How the bridge collapse turned perfume into hazmat threat

By Robin Bravender | 04/12/2024 01:41 PM EDT

Containers carrying perfume and household supplies were “chopped in half like they’re papier-mâché,” said Maryland Gov. Wes Moore.

Maryland Gov. Wes Moore, left, and President Joe Biden walk.

Maryland Gov. Wes Moore (D, left) and President Joe Biden walk to deliver remarks after an operational briefing on the response and recovery efforts of the collapsed Francis Scott Key Bridge on April 5 in Dundalk, Maryland. Julia Nikhinson/AP

When Baltimore’s Francis Scott Key Bridge collapsed the morning of March 26, the wreckage toppled onto the massive containers carried by the cargo ship.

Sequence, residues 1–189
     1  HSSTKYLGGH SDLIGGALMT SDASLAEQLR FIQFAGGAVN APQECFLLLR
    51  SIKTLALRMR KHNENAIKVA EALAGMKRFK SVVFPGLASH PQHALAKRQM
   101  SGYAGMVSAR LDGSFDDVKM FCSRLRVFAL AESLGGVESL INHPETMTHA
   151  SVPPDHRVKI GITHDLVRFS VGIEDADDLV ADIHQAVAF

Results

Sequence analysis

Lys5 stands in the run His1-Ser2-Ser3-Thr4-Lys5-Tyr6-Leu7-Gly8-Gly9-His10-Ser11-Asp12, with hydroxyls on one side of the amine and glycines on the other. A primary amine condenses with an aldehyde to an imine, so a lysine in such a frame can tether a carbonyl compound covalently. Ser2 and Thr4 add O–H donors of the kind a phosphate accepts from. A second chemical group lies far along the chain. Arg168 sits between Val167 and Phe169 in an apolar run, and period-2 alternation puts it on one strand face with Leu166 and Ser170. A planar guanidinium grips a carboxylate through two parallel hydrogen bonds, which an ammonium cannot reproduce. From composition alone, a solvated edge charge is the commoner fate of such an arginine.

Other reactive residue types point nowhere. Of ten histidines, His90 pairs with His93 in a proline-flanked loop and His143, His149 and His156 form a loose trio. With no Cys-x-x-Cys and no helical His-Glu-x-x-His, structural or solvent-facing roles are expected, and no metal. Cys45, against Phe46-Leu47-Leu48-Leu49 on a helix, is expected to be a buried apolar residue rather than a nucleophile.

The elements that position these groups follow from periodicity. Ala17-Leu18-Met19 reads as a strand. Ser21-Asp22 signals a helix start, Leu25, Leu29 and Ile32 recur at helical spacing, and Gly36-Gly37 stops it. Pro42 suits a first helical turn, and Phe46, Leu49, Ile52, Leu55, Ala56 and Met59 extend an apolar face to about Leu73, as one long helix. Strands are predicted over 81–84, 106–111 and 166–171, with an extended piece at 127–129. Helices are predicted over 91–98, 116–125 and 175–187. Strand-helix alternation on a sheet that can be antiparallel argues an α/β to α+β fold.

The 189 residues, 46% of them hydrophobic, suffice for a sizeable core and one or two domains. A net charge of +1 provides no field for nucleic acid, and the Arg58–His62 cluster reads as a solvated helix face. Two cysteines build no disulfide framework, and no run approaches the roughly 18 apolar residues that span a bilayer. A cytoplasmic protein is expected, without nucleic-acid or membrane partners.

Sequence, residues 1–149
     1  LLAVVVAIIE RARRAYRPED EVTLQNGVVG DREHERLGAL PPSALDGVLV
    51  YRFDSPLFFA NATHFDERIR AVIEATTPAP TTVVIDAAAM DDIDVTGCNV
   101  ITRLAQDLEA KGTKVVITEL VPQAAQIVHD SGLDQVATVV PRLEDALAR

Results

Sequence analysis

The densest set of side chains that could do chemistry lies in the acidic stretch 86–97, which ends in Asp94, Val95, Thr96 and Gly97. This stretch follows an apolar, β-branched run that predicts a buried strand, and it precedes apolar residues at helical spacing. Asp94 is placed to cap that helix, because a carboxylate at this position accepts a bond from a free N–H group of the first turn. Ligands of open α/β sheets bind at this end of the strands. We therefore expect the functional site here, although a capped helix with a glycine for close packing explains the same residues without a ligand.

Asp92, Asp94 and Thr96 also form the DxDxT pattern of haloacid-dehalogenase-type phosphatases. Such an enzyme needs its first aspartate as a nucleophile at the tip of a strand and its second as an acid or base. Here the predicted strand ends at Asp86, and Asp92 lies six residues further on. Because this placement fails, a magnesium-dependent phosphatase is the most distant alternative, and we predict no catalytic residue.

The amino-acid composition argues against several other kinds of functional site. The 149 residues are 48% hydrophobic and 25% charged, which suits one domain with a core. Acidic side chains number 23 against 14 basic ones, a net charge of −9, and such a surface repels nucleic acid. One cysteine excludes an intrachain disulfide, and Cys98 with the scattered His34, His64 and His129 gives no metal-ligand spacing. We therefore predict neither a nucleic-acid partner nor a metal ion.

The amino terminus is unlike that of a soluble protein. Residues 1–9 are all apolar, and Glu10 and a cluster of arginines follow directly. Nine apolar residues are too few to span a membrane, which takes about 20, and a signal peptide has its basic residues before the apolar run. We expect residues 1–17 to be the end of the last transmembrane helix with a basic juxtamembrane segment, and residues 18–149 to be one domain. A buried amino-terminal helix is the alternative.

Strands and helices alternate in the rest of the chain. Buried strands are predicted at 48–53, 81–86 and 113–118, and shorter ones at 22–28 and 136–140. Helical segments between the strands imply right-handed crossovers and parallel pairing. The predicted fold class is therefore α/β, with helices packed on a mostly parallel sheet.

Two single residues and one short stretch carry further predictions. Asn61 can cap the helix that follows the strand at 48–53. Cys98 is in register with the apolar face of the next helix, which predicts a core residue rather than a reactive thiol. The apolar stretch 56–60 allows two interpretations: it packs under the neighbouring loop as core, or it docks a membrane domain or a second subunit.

There were about 4,000 containers aboard the ship named Dali, each weighing an average of 1.5 tons when empty, Maryland Democratic Gov. Wes Moore said Thursday during a climate summit hosted by The Washington Post.

Moore described why some of the contents of those containers — including household goods — were classified as hazardous materials.


“We immediately had to do an assessment and do an inventory of what was actually on the Dali, how it was impacted,” Moore said.